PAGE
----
Publicly traded companies are required to send “proxy statements” to their true owners (i.e., shareholders who own publicly traded shares) in connection with the company’s annual shareholder meeting. Proxy statements contain valuable information for investors and allow shareholders to vote in board of directors’ elections as well as other corporate business matters.
Proxy statement may contain such information as:
- A description of who serves on the board of directors
- Upper management’s salaries and bonuses
- A disclosure of stock ownership by directors and officers
- Information about “sweetheart” loans made to managers
- Business plans, conflicted transactions, and litigation risks
Directors must treat proxy statements with a high level of care. They may be required to file the final statements with the Securities and Exchange Commission (SEC). A director should always review a proxy statement and pay close attentive to matters he personally contributed to.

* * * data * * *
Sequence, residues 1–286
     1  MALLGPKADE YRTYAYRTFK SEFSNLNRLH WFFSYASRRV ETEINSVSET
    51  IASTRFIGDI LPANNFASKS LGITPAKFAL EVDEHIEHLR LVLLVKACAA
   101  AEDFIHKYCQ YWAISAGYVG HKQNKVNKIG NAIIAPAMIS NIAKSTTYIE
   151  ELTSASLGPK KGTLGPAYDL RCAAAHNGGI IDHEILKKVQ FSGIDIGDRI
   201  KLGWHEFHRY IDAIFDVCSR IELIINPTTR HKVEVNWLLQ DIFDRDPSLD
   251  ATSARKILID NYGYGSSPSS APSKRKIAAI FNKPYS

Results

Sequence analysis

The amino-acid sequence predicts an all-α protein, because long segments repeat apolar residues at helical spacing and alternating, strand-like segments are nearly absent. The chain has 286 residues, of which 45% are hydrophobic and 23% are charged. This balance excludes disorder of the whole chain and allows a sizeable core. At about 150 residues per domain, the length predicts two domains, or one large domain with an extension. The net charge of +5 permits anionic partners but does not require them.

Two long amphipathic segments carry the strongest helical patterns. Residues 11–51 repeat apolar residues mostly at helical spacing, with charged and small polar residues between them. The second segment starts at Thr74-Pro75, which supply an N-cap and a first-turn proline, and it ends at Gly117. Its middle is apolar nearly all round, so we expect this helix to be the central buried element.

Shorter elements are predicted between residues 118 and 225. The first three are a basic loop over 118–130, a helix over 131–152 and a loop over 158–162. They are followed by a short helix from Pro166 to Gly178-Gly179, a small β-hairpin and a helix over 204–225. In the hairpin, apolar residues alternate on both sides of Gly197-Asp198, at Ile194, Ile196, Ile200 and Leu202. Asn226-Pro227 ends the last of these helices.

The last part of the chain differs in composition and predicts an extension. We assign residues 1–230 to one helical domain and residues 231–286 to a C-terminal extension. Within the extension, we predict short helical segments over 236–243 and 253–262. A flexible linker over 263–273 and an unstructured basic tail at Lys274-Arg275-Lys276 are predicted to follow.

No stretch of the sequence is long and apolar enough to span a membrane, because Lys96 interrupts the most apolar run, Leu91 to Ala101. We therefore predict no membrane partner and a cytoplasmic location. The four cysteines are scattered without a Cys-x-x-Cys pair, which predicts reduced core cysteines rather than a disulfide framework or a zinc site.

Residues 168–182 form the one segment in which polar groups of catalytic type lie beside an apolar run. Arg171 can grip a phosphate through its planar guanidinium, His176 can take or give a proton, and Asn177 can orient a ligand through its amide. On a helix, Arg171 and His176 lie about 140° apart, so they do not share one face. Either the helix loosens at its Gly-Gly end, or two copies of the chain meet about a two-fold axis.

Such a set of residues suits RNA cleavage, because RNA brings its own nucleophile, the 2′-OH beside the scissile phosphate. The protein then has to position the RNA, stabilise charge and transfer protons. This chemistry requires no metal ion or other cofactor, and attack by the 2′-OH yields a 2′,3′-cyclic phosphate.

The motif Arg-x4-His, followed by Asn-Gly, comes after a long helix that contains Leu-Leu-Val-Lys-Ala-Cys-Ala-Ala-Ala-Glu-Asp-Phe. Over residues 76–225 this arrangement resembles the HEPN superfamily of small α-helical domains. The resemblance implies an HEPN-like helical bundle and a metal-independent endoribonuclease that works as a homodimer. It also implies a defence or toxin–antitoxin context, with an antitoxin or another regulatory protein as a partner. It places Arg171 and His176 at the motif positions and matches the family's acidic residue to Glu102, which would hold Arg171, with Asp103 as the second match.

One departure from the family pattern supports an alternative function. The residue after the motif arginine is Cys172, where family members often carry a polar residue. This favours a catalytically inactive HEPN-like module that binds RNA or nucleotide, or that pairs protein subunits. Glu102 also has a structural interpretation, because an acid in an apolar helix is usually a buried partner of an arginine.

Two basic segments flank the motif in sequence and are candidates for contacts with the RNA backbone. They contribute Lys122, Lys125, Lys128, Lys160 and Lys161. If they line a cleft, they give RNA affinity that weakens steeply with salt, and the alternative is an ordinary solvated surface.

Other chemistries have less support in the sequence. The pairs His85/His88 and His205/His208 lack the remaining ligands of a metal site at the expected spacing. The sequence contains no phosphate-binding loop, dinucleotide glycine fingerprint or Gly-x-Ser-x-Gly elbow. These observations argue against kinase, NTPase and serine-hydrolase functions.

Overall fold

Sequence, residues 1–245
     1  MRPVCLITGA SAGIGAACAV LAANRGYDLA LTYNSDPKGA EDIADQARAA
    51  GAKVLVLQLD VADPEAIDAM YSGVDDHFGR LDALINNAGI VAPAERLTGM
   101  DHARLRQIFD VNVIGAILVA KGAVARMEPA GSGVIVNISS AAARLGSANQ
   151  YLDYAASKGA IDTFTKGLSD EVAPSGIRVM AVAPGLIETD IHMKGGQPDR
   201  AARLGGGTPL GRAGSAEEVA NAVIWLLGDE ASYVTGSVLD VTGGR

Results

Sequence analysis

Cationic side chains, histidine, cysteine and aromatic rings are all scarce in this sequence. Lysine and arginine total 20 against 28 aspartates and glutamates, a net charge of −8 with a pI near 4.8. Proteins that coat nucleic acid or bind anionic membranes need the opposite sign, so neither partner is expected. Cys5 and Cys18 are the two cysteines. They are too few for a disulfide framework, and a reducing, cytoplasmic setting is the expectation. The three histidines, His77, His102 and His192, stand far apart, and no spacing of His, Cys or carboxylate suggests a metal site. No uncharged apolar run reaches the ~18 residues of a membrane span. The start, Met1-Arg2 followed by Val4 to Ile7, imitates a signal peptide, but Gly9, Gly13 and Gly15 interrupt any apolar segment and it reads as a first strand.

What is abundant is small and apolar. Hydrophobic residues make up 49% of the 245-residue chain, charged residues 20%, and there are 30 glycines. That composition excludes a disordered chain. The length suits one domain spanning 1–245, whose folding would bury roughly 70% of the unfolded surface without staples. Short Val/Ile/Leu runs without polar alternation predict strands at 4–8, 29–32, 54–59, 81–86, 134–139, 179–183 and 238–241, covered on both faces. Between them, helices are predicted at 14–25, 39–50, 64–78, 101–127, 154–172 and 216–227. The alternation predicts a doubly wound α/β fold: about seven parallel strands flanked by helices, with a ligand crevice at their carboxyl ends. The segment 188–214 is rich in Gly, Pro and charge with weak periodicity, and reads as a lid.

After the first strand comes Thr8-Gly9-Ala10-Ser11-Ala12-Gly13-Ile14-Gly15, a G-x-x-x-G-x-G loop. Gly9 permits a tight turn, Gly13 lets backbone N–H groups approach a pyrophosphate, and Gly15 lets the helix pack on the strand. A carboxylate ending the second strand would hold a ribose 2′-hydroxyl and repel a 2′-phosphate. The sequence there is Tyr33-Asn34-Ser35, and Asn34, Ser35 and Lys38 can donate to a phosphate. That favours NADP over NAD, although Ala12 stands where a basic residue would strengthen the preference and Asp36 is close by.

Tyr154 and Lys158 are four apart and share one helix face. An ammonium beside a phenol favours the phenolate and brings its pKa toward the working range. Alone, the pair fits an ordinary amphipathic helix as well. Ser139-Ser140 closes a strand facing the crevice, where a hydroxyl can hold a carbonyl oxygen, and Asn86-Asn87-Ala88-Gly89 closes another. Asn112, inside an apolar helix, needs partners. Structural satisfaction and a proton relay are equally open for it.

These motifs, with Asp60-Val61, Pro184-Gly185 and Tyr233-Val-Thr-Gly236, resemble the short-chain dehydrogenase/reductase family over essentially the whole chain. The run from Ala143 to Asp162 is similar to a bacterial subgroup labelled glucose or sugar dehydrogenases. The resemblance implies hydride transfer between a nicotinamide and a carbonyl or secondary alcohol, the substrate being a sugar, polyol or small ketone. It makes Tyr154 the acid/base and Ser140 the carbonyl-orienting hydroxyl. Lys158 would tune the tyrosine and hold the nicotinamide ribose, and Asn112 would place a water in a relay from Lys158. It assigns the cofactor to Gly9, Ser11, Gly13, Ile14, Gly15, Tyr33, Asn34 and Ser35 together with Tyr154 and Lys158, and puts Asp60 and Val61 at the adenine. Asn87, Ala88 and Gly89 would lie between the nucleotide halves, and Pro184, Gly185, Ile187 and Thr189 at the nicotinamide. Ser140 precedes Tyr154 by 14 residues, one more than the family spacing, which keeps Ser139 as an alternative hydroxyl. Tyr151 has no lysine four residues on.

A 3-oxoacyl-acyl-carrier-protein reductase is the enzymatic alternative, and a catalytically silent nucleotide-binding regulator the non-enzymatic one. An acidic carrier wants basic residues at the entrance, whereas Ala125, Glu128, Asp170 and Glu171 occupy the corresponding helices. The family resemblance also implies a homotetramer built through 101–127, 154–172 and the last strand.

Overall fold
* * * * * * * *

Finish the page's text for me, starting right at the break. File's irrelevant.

Serious legal issues may arise if the directors do not send out proxy statements in the timely manner or fail to disclose business matters effecting shareholders.
If you have questions or issues regarding proxy statements, you should consult a qualified business lawyer with experience in corporate law and business litigation. A qualified lawyer will determine if the company may have abused your rights, failed to disclose important information, or violated any applicable laws.